I continued writing, and I remember, at that point in freshman year, I was sort of isolated in my poetry. There weren't really a lot of other people who wrote, and I went to a really STEM-oriented school. I remember feeling kind of dejected. At some point, I was, like, you know, "Why am I writing? What's the point of all this? Who am I reaching? Am I reaching anyone? Do I need to reevaluate my entire life?" And then I found Climate Speaks. Initially, I just knew it as this workshop where you got to learn about climate justice movements, and meet high schoolers from all over the city, and workshop your poetry, and perform possibly at the Apollo.
And I was, like, "Whoa, this all sounds amazing." Climate Speaks was the beginning of my journey as an artivist, to being an activist and an artist. Poetry is something that really lends itself to that because it's very emotionally charged and very vibrant, and also there's often a lot of visual imagery that can supplement the words that you're hearing or reading.
Part of the beauty of poetry is that it allows you to strengthen community, but also discover new ones and to bring magic in a way that only language can do.
This poem is entitled "Mother Nature to Child," and it was the poem that I performed at the Climate Speaks performance at the Apollo and one of the first, if not the first, spoken word poem that I ever wrote:
(Reading) Every mother dreams of the day her children, her fruits of labor, merely fledgling finches whose feathers are stuck with the saccharine sap of morning dew, saucer eyes agleam with the light of blissful ignorance, can step off the stalwart oak tree at last and spread their wings. Every mother longs...
If it hadn't been for Climate Speaks, I wouldn't have found Urban Word, and that's where I really got into the technical aspect, doing summer intensives. I applied to be the New York City Youth Poet Laureateship Finalist, and then, in 2021, becoming the New York City Youth Poet Laureate, which was honestly surreal. I think poetry is about capturing reality for what it is and then what it could be.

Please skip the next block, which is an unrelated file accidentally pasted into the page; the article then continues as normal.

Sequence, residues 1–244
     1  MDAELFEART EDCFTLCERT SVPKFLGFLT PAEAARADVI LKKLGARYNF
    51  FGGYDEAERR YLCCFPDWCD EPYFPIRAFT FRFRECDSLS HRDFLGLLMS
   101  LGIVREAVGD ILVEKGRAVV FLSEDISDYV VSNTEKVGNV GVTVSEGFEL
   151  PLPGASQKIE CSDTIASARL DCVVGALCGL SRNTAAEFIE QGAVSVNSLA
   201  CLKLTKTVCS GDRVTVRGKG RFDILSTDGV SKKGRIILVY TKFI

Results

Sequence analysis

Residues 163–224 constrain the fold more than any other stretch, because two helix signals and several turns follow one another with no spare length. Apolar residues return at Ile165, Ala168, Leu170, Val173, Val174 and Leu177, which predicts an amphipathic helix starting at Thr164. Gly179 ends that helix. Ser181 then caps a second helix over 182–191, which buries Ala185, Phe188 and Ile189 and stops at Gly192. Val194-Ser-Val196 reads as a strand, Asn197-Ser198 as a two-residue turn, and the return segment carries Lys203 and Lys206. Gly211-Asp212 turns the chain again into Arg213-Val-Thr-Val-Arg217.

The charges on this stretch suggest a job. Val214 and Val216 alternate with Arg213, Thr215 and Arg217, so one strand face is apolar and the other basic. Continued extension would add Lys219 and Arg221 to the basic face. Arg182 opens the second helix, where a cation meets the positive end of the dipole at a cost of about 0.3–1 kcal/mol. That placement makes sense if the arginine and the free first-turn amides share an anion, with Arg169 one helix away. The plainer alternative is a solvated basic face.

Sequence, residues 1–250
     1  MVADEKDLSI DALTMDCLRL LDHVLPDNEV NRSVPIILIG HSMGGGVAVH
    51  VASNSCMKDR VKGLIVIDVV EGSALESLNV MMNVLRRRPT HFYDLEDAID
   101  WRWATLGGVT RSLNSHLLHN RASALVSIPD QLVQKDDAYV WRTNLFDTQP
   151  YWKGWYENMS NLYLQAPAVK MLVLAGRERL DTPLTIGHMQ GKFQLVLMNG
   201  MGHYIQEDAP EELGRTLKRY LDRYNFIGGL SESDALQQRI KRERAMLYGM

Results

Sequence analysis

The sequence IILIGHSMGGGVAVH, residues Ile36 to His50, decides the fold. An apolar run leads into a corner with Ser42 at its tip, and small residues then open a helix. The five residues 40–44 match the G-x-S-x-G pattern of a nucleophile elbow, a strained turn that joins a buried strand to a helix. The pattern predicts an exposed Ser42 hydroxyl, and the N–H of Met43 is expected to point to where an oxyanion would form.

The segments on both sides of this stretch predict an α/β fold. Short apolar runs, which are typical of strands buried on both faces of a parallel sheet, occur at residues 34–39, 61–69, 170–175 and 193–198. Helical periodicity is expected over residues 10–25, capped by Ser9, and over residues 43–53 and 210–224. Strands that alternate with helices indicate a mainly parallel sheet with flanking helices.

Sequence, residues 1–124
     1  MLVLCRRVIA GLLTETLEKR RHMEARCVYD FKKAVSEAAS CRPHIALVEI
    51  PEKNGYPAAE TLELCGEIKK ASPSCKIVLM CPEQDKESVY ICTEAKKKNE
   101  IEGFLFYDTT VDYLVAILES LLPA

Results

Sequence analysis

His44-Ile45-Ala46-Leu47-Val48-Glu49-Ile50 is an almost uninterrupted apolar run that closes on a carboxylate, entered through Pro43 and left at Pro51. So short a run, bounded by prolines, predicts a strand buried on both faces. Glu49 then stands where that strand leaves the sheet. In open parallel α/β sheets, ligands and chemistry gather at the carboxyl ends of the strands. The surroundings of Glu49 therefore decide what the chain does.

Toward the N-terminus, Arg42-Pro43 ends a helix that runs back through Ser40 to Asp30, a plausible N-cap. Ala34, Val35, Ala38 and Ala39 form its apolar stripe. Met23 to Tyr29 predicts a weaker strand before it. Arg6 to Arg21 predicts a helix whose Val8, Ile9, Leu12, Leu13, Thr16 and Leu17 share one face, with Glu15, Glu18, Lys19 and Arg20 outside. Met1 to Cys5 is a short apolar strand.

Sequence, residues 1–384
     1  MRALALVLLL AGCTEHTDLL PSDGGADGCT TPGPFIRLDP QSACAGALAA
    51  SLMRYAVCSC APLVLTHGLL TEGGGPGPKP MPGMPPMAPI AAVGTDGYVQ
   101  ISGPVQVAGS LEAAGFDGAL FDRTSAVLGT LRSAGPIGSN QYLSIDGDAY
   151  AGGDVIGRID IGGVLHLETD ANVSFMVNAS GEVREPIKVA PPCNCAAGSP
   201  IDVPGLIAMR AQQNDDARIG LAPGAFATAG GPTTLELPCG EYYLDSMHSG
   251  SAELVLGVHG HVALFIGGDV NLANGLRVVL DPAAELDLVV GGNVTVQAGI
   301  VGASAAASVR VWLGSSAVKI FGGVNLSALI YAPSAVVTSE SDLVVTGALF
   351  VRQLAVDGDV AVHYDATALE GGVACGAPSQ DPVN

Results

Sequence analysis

My relationship with the climate has taught me about gratitude and savoring every time I go on a bike ride, every time I'm in a place with trees and with nature, and just being constantly surprised, and connecting joy to surprise, and being more aware of individual impact, as well as realizing how much is out of our hands and how much is in our hands. And then poetry is kind of the bridge between that.
It's also renewed my writing relationship, as well as my relationship with my friends.
I'm spending as much time in nature as possible and doing what I can to make sure this earth is better than we found it.
Something I've always tried to do is end my poems on a note of hope. Hope is important to me because it's the driving force for change. No matter how cynical someone appears to be, we always want there to be hope. That's why we dream, that's why we write. That's why we make art. We're hopeful that we can learn something new and leave changed.
(Reading) In this one, the garden never becomes bouquet, in other words, leave the blossom tree alone, there are enough carnations, meaning cellophane corpses, when was the last time you two had a conversation? I'm tired of playing telephone, instead, I circle the cul-de-sac, scuffing [asphalt like] brush stroke, some days I want to cut the song at breath. I shirk the shearing, someone else can scrub halfheartedly, sink to your knees, don't scrape the marble. God knows what you did. When did you trade Play-doh for Lego blocks? Do you wince when we trade eulogies for playground songs? For pharmacy receipts, for marriage certificate, meaning pomegranate seeds by the spoonful, not to be sold, meaning abundance is our birthright, meaning our limbs aren't kindling. Who told you sunbeams burn outside the binary? What is a body but future in motion? Gamble on the promise that constellations guide us home towards an existence that lends itself to thriving. Too bird bone, to fossilize, too beating heart to eulogize my body, our body, a temple. And in spite, I am soft, I am strong, I am still, I am here, I am still, I am here, we are here.
[00:10:40] Christina Thompson: To find more of Elizabeth's remarkable poetry, head to alittlegreenpodcast.com where we've included some links in the show notes. On the next episode of A Little Green:
[00:10:54] Virginia Rose: The minute I stepped away from that and into nature, oh my gosh, it felt like a homecoming. I felt like I'd arrived to my real life.
[00:11:05] Christina Thompson: Until then, you can share your own story with us on Instagram @AvocadoGreenBrands.
A Little Green is an Avocado Green Brands podcast. This podcast was written and produced by Anna McClain. Christina Thompson with the help of Allison Casey of Gramercy Post. Our beautiful music is composed and performed by Aaron Levison.